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Calculation training...Russian style !

When I was younger, I took some correspondence chess classes where the author claimed that Russians used to practice calculation with positions that were just too hard to be fully calculated. The point wasn't to find the truth of the position, but to try and develop your calculation powers in the process.

Though I don't claim today's example belongs to this category, I think it will provide a good exercise for most people who haven't reached master level just yet. (For others, please have a look there for more challenging examples Wink)

So, here is how to make good use of this position :

  • make sure you have at least 10 minutes available
  • try to calculate as in a real game
  • pick your main line (best moves for both sides) and evaluate the resulting position
  • write it, as well as all the variations you've calculated

Then check your notes against your favourite engine, and enjoy the results Smile Please do not post engine's analysis in the blog so that other readers can give the exercise a try as well.

Black last move was 19...Nf6-e4!?

Good luck and have fun ! Smile

 

Comments


  • 10 months ago

    Somebodysson

    also known as a Stoyko exercise.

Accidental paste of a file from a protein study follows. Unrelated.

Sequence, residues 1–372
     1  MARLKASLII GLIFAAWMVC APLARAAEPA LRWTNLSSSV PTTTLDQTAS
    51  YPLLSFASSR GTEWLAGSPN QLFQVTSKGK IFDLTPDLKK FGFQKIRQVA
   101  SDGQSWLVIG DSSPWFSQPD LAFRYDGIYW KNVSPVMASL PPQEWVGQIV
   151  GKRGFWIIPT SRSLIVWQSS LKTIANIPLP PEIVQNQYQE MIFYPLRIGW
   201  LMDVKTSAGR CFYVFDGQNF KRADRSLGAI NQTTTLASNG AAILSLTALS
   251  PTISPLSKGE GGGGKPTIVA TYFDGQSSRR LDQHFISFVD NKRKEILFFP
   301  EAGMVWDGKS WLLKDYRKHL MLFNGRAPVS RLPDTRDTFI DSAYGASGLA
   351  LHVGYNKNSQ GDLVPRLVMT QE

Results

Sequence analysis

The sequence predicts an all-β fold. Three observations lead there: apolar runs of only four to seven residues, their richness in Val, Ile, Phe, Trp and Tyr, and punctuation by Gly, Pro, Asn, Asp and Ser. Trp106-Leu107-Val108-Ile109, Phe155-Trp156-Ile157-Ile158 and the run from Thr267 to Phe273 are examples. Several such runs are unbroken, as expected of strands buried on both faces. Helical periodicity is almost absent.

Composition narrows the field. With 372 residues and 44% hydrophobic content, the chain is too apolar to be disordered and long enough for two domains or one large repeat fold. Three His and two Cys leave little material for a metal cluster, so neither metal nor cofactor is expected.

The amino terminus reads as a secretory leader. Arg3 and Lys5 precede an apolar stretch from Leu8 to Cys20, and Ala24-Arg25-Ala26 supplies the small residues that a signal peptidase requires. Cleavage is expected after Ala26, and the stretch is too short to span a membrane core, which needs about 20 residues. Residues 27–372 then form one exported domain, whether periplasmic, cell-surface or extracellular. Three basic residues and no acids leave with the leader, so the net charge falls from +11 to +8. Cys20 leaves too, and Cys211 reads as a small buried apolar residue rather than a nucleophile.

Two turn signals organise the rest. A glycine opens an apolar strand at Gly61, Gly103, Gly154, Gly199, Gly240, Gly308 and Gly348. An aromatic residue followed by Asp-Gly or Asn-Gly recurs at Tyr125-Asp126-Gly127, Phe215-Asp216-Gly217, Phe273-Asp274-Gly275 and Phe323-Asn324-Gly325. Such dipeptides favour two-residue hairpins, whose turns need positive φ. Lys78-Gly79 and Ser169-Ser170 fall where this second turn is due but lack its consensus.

• 16 months ago

    Rasparovov

    Interresting position and nice analysis!

  • 17 months ago

    StevieBlues

    Thanks! Waiting for #2...

  • 21 months ago

    hicetnunc

    And here is a more complete analysis of this critical position (with computer checking). The bottom line is : white is better almost everywhere Smile...

     



  • 21 months ago

    hicetnunc

    First, here is what happened during the game and what I calculated (as best as I can remember it)... I'll put up a more complete analysis with my comments later :



  • 21 months ago

    msjenned

    "There's no solution - this is just a diagram. You can use it as a Yusupov-like exercise"

    ::..Mr Hicetnunc ...> the yusupov exercise from which book ?

  • 21 months ago

    msjenned

    I see exchange. 

  • 21 months ago

    Shibin123

    @hicetnunc

    Nice example.But I am reaching nowhere with my calculations.A little help wud be nice.

    The candidate moves here, I believe, are:-1.Bxe4, 1.Nxe4 and 1.Bxc8

    1.Nxe4 line gives me nothing after 1.Nxe4 Bxf5 2.Rg6 Bxe4 3.Rxg7+  Kh8 4.Rg6+ Rxe5.Maybe I missed some winning variations, but it isn't likely.

    The 1.Bxe4 line looked interesting.1.Bxe4 dxe4 2.Nxe4 f6 3.Nxf6+ gxf6 4.Rg3+ Kf7.And now what?

    1.Bxc8 too loses.

    So it comes down to this:- which was the move you played?Wink

  • 21 months ago

    hicetnunc

    No, I didn't : maybe it was a twin Tongue Out

  • 21 months ago

    diogens

    Laurent, you played the London? Laughing

  • 21 months ago

    gnuandspeedo

    A good protocol for studying calculations. Now if would only get off my lazy and learn how to use Fritz 13 better.

  • 21 months ago

    LCT10

    Thanks, i think this will help me!

  • 21 months ago

    hicetnunc

    There's no solution - this is just a diagram. You can use it as a Yusupov-like exercise Smile

  • 21 months ago

    KeyserSzoze

    I am not allowed to move the pieces, I can drag them but it doesn t say wrong 

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